Voice of the Cape

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Awqaf SA joins international forum

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The National Awqaf Foundation of South Africa has become a founding member of the newly established Awqaf International Organisation (AIO). The announcement was made during the opening ceremony of the third Global Islamic Economy Summit (GIES 2016) held last week at the Madinat Jumeirah in Dubai.

CEO and Founder of Awqaf SA, Zeinoul Abdien Cajee said while Awqaf originated in Dubai, all Awqaf bodies act independently.  Speaking to VOC Drivetime, Cajee said Awqaf Dubai wished to broaden the Islamic economy and requested that Awqaf SA to join economic development of Islamic finance.

“We are very pleased to be part of it and we hope that it will spur on more in the Awqaf sector,” said Cajee, who has been ranked 149 on the Islamic 500 Most Influential Muslims 2016. Published annually, the Islamic 500 is a list of the most prolific Muslims in the world today.

The forum, which comprises of a group of Islamic endowments, or Awqaf, from the Islamic world including Dubai, Kuwait and other Muslim minority countries like South Africa, Canada, New Zealand, Australia and the U.S., aims to improve investments made in the sector and to coordinate commercial efforts of sharia-compliant charitable foundations around the globe.

Awqaf donations are received through Civil Society donations and are used to operate social projects in Health Care, Education, Social Cohesion, Leadership Development and other sustainable development initiatives. Throughout history Awqaf Endowments have funded social infrastructure and development programmes like sustainable agriculture, hospitals, schools, animal welfare, clean water and bath houses.

Given the fact that many communities have been impacted by poverty, Cajee explains that the generation of revenue and the investments of the Awqaf actors need to be optimized for the purpose of downstream delivery of projects for the poor.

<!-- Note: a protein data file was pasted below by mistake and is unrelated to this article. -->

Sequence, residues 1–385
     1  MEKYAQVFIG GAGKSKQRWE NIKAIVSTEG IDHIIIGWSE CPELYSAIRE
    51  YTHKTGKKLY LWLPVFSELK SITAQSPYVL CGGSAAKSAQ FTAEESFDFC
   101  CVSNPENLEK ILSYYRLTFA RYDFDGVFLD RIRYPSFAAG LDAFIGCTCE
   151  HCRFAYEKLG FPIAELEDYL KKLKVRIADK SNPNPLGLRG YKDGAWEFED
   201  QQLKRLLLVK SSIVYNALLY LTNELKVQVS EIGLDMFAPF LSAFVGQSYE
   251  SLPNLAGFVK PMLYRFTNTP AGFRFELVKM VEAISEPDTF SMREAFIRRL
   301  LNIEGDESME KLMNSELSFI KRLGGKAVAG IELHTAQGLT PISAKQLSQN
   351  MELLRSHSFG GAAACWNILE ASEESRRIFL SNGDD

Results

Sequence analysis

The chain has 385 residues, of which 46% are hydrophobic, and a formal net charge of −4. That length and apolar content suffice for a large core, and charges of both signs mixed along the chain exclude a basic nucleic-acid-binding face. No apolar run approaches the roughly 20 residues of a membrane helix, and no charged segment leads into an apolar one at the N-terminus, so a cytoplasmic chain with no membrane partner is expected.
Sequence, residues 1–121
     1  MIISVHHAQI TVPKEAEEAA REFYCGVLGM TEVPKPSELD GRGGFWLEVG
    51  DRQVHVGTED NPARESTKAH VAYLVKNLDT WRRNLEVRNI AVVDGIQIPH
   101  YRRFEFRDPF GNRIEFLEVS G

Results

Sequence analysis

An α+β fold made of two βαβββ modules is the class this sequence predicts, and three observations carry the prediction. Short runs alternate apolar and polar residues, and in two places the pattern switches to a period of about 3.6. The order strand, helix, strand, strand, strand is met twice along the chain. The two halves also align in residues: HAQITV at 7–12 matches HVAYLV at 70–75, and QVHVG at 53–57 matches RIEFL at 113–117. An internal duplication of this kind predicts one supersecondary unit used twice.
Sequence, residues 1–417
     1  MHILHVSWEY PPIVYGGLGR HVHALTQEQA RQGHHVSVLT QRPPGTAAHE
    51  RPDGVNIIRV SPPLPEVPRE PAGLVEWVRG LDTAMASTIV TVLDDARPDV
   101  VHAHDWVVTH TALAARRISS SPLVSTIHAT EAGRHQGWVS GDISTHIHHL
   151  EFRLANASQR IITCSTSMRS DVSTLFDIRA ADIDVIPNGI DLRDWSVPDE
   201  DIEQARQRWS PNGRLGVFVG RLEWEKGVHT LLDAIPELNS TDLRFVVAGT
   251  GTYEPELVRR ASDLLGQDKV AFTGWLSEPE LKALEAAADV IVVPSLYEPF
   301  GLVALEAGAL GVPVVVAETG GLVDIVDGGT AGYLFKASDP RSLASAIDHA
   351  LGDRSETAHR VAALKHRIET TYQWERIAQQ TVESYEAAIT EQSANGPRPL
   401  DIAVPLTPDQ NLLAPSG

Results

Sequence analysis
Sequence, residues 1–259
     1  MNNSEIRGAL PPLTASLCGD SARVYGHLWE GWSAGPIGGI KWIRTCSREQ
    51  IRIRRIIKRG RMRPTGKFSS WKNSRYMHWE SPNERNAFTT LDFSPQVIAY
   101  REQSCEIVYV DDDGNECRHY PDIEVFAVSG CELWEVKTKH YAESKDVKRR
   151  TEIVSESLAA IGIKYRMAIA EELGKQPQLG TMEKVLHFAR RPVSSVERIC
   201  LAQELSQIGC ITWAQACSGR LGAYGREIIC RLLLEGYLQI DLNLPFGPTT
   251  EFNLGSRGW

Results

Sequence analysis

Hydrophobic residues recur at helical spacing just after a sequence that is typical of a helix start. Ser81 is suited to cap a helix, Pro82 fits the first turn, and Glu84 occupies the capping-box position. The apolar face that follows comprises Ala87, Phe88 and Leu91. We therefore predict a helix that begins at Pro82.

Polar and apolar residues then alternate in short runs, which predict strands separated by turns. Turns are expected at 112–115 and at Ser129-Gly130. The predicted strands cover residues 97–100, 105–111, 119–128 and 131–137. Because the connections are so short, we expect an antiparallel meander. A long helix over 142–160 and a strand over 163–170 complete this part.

Awqaf SA focuses on two areas; the generation of income and the spending of the income.  While the spending aspect is left to the locals, Cajee says in the case of relief work, the foundation works closely with institutions that facilitate distribution in various countries.

In light of increased Islamic finance institutions, he notes that since the concept of waqaf has been an integral aspect of Islam, overtime the waqaf system has declined, while Islamic finance has gained momentum.
He, however, notes that there appears to be improvement in the waqaf sector, where countries are moving toward sustaining waqaf foundations.

“We are going to be seeing a major increase in waqaf developments around the world. Right now, there is a waqaf conference taking place in Saudi Arabia, there is one in Indonesia towards the end of October, and there is one in November in Nigeria – so a lot of people are talking about it,” he added.

The AIO body has also been tasked with recommending unified templates for legal frameworks and overseeing applications of sharia standards in accounting, reviewing, and governance.

The Awqaf International Organization (AIO) aims to coordinate commercial efforts of sharia-compliant charitable foundations from around the globe, to give them economies of scale and improve profitability.

In a bid to improve the management of waqaf asserts, Cajee says that many countries have separated the waqaf asserts from the ministries of awqaf, where parastatals are being professionalised.

“In the past, waqaf asserts were not market related; so if someone had a house that was rented out, it was rented out for a low price, and eventually the property would become dilapidated,” Cajee explained.

In response to the previous management of waqaf properties, he says Awqaf properties are now professionally managed and the standard of its properties is maintained.

“The beneficiaries of Awqaf are the communities, so it makes sense that their efforts are well protected and managed so that they produce the required income, at a market related rental.” Cajee continued.  VOC


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